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Functions and anatomy of the sartorius muscle shown with 3D model animation.
Hi everyone! This Joao from Kenhub, and on this tutorial, we will talk about the different functions of the sartorius muscle – this muscle that you now see isolated on the screen. Before we talk about the actual movements that this muscle is able to do on different joints of the lower limb, let me introduce you to the sartorius. As you can see on the image, it is a very long, slim muscle that extends from your pelvis all the way to your knee. The sartorius is a superficial muscle which means that you can't find any muscle lying on top of it.
The innervation of the sartorius muscle is carried out by the femoral nerve, which is the structure seen here highlighted in green on the image. Every muscle in your body is attached to something – usually bones – and the sartorius muscle is no exception. It originates from the anterior superior iliac spine of the pelvic bone and then runs spirally all the way down to the knee where it attaches. To be more precise, the muscle will insert at a structure called pes anserinus, which is a collection of muscle tendons that attach to the anteromedial surface of the proximal end of the tibia. From that information, you get a clue to what joints are going to move when the sartorius muscle is contracting. They are the hip joint formed by the head of the femur and the acetabulum, and the knee joint which is the meeting point for the distal end of the femur, the proximal end of the tibia and the patella, which is this bone that you can feel in front of your knee.
Now let's talk about the different functions of the sartorius muscle. We will start with the movements that the muscle is involved in at the hip joint. First movement at the hip point that we're going to be talking about is flexion. You can see now how the sartorius muscle is flexing the thigh at the hip joint by bringing the thigh towards the front of the body. Even though anatomically this muscle is considered to be an extensor of the thigh, its contraction is responsible for flexion here. Another movement that happens at the hip joint is abduction which is, as you see on the screen, the sartorius involved in bringing the lower limb away from the midline of the body. The third type of movement the sartorius is involved in at the hip is external rotation of this joint, which is essentially when you rotate your leg to the side or laterally.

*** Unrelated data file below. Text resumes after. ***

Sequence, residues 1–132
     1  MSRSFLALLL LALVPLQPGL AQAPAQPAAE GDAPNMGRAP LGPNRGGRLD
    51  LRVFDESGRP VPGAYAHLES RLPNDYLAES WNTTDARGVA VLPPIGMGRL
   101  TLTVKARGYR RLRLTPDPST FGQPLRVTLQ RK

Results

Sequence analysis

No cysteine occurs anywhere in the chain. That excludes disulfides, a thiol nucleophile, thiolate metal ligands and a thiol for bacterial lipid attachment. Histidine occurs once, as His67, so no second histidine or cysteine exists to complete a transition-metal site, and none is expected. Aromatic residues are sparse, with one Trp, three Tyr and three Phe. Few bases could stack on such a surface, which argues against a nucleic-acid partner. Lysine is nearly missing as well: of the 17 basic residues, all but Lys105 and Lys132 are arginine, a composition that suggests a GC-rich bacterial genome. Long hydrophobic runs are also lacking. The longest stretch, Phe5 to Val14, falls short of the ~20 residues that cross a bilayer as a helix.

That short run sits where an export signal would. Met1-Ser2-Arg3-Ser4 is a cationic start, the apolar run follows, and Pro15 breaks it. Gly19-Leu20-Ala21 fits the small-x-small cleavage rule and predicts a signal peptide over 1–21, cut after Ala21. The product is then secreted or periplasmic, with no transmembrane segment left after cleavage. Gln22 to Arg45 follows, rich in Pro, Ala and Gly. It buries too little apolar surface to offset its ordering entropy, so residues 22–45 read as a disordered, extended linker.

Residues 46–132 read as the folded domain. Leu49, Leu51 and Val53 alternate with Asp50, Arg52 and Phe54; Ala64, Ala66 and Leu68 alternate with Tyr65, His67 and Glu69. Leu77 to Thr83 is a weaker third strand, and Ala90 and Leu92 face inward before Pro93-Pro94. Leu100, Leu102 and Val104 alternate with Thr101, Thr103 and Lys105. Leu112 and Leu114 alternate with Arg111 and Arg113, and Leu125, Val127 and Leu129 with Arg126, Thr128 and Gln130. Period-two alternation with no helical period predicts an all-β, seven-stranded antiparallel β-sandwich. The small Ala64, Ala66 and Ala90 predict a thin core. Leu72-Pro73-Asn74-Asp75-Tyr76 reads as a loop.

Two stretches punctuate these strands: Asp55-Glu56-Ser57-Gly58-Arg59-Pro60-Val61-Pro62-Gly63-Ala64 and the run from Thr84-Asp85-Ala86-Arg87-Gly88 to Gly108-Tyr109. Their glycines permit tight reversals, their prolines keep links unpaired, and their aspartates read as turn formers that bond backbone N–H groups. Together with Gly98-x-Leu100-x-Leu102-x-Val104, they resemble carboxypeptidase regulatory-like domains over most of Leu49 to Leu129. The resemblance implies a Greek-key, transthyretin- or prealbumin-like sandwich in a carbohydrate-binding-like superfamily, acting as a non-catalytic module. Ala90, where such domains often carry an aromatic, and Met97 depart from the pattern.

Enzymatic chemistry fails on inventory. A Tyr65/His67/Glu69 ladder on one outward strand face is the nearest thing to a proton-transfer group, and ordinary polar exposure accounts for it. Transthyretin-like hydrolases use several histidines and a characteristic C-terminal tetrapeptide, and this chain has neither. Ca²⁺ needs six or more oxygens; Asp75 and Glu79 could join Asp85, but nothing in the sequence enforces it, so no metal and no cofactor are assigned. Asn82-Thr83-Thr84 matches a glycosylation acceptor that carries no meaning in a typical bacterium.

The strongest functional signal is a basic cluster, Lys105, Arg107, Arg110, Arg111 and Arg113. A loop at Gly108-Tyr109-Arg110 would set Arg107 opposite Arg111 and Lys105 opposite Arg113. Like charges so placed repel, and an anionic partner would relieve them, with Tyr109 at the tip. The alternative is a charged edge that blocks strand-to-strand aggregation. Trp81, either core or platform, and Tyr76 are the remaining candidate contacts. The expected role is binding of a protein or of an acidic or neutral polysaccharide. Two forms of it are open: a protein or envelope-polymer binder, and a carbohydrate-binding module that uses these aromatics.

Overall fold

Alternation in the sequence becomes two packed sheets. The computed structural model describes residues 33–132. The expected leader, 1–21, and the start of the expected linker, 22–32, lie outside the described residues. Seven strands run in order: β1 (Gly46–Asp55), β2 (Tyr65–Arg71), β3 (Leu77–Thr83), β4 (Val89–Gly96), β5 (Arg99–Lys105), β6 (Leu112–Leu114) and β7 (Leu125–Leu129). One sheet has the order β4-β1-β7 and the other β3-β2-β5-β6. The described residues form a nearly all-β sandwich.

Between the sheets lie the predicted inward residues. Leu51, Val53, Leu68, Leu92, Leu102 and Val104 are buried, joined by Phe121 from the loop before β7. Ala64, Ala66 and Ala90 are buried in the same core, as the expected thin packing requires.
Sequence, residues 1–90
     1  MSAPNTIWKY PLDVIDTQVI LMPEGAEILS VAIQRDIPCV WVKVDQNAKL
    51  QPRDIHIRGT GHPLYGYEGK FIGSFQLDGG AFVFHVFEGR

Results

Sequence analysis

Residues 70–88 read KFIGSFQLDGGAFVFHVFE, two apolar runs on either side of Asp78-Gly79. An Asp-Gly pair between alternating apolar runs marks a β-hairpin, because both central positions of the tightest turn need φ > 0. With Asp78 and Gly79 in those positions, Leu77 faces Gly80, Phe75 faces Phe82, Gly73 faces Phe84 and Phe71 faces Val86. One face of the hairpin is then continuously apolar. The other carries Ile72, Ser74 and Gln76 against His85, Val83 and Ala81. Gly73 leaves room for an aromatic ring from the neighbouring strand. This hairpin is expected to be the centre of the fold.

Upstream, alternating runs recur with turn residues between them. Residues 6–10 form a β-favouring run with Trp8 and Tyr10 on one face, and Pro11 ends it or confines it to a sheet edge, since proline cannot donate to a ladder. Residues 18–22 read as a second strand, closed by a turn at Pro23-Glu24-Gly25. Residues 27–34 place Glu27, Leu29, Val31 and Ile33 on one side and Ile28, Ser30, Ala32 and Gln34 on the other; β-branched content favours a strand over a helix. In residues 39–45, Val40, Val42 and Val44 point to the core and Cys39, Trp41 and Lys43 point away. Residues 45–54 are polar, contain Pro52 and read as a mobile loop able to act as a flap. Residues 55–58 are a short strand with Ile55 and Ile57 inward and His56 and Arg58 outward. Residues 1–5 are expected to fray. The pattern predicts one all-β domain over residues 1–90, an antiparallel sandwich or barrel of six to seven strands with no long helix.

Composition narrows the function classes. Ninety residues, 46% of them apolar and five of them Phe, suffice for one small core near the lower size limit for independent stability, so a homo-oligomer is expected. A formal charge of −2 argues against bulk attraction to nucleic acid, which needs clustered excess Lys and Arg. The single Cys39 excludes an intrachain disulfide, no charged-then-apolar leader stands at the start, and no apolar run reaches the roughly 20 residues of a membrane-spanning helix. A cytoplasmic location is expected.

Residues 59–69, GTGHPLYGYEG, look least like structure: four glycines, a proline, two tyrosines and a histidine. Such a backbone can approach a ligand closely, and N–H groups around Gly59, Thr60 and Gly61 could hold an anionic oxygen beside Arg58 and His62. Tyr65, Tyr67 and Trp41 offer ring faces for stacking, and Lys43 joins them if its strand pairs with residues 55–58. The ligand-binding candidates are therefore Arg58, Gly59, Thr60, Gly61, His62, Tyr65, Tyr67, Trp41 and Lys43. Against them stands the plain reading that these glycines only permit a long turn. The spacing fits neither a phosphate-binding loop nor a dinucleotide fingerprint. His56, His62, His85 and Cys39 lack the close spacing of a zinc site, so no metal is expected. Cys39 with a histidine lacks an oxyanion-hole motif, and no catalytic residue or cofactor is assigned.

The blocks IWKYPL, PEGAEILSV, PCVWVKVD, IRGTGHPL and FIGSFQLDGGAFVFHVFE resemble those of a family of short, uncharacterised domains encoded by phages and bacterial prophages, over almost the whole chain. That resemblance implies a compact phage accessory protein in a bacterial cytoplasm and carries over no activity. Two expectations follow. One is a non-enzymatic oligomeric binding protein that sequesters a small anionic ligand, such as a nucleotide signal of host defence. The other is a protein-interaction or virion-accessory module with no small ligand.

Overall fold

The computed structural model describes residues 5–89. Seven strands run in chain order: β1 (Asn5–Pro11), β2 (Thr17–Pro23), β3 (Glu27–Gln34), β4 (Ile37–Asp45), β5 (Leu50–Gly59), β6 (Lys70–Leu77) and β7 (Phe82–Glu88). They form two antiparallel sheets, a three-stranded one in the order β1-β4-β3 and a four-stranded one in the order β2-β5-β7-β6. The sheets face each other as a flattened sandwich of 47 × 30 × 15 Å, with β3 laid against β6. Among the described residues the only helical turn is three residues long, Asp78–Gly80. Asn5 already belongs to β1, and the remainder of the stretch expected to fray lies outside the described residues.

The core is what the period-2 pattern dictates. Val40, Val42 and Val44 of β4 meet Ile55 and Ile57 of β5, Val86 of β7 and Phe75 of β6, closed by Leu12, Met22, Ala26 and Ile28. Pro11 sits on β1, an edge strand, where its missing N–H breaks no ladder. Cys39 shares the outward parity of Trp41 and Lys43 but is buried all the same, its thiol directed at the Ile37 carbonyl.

We're going to continue on and it is time for us to talk about the movements that the sartorius muscle is able to produce at the knee joint. The first movement we're going to talk about is flexion of the knee. When contracted, the sartorius can contribute to flexion of this joint as you see now on the screen. This movement happens when you bring your leg towards the back of your body. The second and last type of movement caused by the sartorius is called internal rotation. In order to show you this movement, we have to flex the knee at a 90-degree angle. So what you see now on the screen is what it would look like if you were sitting on a chair. Then when the knee is flexed, internal rotation is possible which is when you rotate the lower leg towards the midline of your body. Now, why is internal rotation stronger when the knee is flexed? Well that is due to the fact that the angle between the head of the tibia and the insertion tendon is almost a perfect 90-degree angle allowing the muscle to then pull the tibia inwards with maximum strength.
And this is it for the functions of the sartorius muscle. I hope you enjoyed it and I'll see you next time.
Now that you just completed this video tutorial, then it’s time for you to continue your learning experience by testing and also applying your knowledge. There are three ways you can do so here at Kenhub. The first one is by clicking on our “start training” button, the second one is by browsing through our related articles library, and the third one is by checking out our atlas.
Now, good luck everyone, and I will see you next time.